I lost my job. Can I get Unemployment Insurance in Massachusetts?

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If you lose your job and it’s not your fault, you may be able to get Unemployment Insurance (UI) benefits in Massachusetts. This weekly cash payment can help you pay your bills while you look for a new job. Unemployment benefits can also provide health insurance and job training. The Department of Unemployment Assistance (DUA) runs the program in Massachusetts.

The sooner you apply for UI, the better. The longer you wait, the higher the chances are that your benefits will be reduced.

Ready to apply for UI? See How to apply for Unemployment Insurance.

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Can I get Unemployment Insurance (UI)?

Getting UI usually depends on three things:

  1. How much money did you earn at your job?
  2. Why did you leave your job?
  3. Are you ready and able to get another job?

How much money did you earn at your job in the last year?

To get UI, you must have earned at least $6,000 in the last year, and you must have worked for at least 15 weeks in the last year (in most cases). You might be able to get unemployment benefits even if you only worked part-time.

The DUA looks at how much you earned during the time they call a “base period”. During the base period, you must have earned at least $6,000. You can find out your base period by looking at the table below.

Find your base period

If you apply for benefits in:You must have earned at least $6,000 in your base period
January, February, March, 2023From January 1, 2022 to December 31, 2022
April, May, or June, 2023From April 1, 2022 to March 31, 2023
July, August, September, 2023From July 1, 2022 to June 30, 2023
October, November, December 2023From October 1, 2022 to September 30, 2023

Sometimes, the base periods listed above work out so that it looks like you cannot get unemployment insurance. Sometimes the DUA will use an “alternate base period” that gives a better idea of your most recent earnings. You can find out more about base periods and alternate base periods on the DUA’s webpage Understanding Your Base Period & Benefit Year.

Why did your job end?

Whether you can get UI also depends on the reason your job ended.

If your company laid you off, you should be able to get unemployment benefits.

If you quit, you may still be able to get UI. You will need to show you had a good reason to quit your job and that you took reasonable steps to try and keep your job.

If you were fired, you may be able to get UI, as long as you did not break any rules at work on purpose.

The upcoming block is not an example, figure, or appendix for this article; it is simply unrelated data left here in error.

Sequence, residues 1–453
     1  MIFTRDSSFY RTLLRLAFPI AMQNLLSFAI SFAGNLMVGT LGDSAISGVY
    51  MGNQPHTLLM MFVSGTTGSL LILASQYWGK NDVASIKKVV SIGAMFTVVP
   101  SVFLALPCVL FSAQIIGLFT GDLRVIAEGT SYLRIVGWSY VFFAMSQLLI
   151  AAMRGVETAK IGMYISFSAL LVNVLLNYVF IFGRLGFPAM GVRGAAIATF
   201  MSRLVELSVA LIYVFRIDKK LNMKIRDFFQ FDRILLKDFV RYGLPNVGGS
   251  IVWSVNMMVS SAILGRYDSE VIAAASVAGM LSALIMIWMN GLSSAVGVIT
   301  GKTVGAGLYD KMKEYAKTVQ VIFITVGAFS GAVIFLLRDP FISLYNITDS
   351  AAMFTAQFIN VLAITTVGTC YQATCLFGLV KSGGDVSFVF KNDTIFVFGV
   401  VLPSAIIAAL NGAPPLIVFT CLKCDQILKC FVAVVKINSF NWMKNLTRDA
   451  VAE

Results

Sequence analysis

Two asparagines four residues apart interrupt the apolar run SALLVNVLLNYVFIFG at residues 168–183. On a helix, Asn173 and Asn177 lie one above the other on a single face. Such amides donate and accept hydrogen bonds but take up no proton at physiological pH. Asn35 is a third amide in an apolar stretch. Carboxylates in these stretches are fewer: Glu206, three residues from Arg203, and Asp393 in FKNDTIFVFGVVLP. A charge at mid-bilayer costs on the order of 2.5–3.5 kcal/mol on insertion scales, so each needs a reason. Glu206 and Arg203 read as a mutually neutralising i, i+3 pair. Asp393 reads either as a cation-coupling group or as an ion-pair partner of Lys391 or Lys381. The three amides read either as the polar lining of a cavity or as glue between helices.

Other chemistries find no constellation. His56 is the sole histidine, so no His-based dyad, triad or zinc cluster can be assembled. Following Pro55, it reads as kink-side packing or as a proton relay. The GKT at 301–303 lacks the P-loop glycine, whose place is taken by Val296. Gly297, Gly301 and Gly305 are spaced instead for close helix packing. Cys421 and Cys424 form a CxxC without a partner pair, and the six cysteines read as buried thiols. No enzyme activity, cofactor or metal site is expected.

Are you ready and able to work, and are you looking for a new job?

The DUA only gives unemployment benefits to people who are ready and able to work. To get benefits, you must also look for work. To keep getting benefits, you must “certify” your job search every week.

Who cannot get UI?

Most workers in Massachusetts can get UI benefits, but some cannot. Workers who cannot get UI include:

  • employees of churches and some religious organizations,
  • independent contractors*,
  • some work-study students and student nurses,
  • real estate agents or brokers who work only for commissions,
  • insurance agents who work only for commissions, and
  • elected officials and policy advisors.

If you aren’t sure whether you are eligible to receive UI benefits, you can still apply. DUA will determine whether or not you are eligible. If you disagree with DUA’s decision, you can file an appeal.

* The DUA assumes that all workers are employees, even if your employer calls you an independent contractor or gives you a 1099 instead of a W-2. Your employer must prove to DUA that you are an independent contractor by proving all 3 parts of a 3-part test. DUA decides whether you are an independent contractor under that test, not your employer.

Can I get UI if I quit my job?

Maybe, if you had a good reason for quitting. There are 2 kinds of reasons the Department of Unemployment Assistance (DUA) accepts:

  1. Serious job-related reasons, called "good cause attributable to the employing unit," or
  2. Serious or important personal reasons, called "urgent, compelling or necessitous reasons." 
     

Examples of job-related reasons

  • Unsafe or unhealthy working conditions, including dangerous working conditions or equipment;
  • A transfer to unsuitable work (a different kind of job that is not right for you);
  • An employer changes the job, such as giving you fewer hours, paying you less than before, or not paying you the minimum wage;
  • The change must be permanent, not just for a short time; or
  • Discrimination or harassment, including sexual, racial, or other unreasonable harassment.

Reasons like these are called "good cause attributable to the employer."

Examples of personal reasons

  • Your own declining health,
  • Union rules,
  • In very limited cases, a lack of transportation,
  • Leaving to care for a sick family member,
  • Domestic violence, or
  • Leaving to take care of unexpected and urgent problems with the childcare arrangements you have been using.

Reasons like these are called "urgent, compelling or necessitous reasons" for leaving work.

Try to solve the problem before quitting

In almost every case, you must try to solve problems with your employer before you quit your job. Even if you have a good reason to quit, you must show that you took reasonable steps to try and keep your job. 

If you are leaving work for personal reasons, try asking for a leave of absence first. If a leave of absence can help resolve the personal reasons, it is important to try asking for one. You may not be able to fix the problem or get a leave of absence, but it is important to try. 

You may be eligible for Paid Family and Medical Leave (PFML). Check if you are eligible.


Important

If you need to quit because of domestic violence, or sexual, racial or other unreasonable harassment, you do not have to show anything. These are reason enough. You do not have to show that you tried everything you could to keep your job.